Foreign Minister Avigdor Liberman 311 (R).
(photo credit: REUTERS/Baz Ratner)
Foreign Minister Avigdor Liberman on Saturday said that his Yisrael Beytenu faction was "no longer obligated" to Prime Minister Binyamin Netanyahu's ruling coalition, the future of which he said hinges on implementing an alternative to the "Tal Law" which ensures "enlistment for everyone."
Speaking on Channel 2's 'Meet the Press', Liberman said that for the last three years Yisrael Beytenu has done all in its power to keep the coalition together. The foreign minister stated that while it is in the national interest to keep the coalition together and hold general elections on their originally scheduled date in 2013, Israel Beitenu will not be "held hostage."
Liberman voiced dissatisfaction with the government's failure to live up to promises made in the coalition agreement on the issue of religion and state. Liberman specifically brought up the issue of conversions and army enlistment.
The foreign minister said that talk of new elections was unnecessary at this point and would be explored after Yisrael Beytenu's Tal Law alternative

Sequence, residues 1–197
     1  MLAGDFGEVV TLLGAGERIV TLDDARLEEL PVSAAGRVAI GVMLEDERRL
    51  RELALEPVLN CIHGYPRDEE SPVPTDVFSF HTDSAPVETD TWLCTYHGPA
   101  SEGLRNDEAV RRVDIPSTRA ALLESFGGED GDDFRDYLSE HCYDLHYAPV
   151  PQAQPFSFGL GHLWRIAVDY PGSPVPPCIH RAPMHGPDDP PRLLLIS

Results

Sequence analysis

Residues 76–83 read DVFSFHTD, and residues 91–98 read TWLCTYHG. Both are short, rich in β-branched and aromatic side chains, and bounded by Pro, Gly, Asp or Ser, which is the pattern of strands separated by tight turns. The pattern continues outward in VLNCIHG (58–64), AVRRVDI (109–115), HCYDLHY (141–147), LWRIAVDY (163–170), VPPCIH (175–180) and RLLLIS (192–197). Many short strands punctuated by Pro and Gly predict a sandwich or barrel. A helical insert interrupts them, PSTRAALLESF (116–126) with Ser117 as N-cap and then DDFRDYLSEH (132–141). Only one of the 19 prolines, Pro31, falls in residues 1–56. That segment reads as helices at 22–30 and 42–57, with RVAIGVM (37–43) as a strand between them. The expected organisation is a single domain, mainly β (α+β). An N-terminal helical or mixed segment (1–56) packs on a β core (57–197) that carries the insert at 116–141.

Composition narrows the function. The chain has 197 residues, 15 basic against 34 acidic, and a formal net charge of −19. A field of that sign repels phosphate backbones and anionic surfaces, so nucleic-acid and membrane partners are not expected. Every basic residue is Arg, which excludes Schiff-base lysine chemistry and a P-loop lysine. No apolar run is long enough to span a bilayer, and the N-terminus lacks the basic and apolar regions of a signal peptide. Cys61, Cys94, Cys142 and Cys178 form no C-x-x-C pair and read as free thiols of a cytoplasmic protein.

was put to a Knesset vote on May 9. The Tal Law – declared illegal by the High Court of Justice in February – provided the legal framework for ultra-Orthodox men to defer IDF service indefinitely. Yisrael Beytenu’s alternative to the Tal Law would require almost all 18-year-olds, regardless of faith or religious observance, to enlist in either the IDF or fulfill national service.
Liberman also addressed former Shin Bet (Israel Security Agency) chief Yuval Diskin's criticism
of Netanyahu and Defense Minister Ehud Barak voiced over the weekend. The foreign minister said that Diskin should have resigned his position immediately, rather than serve out his entire term if he had "no faith" in Barak and Netanyahu as he said Friday.
The foreign minister attacked Diskin, as well as Barak and IDF Chief of Staff Lt.-Gen. Benny Gantz, for continuing to "chatter" in the media about the threat of a nuclear-armed Iran.
He referred to talk of the Iranian threat as "completely unnecessary," citing recent comments made by Barak and Gantz, which he said came two days apart and were completely opposite, as proof of the absurdity of the public discourse on Iran.
Lahav Harkov contributed to this report.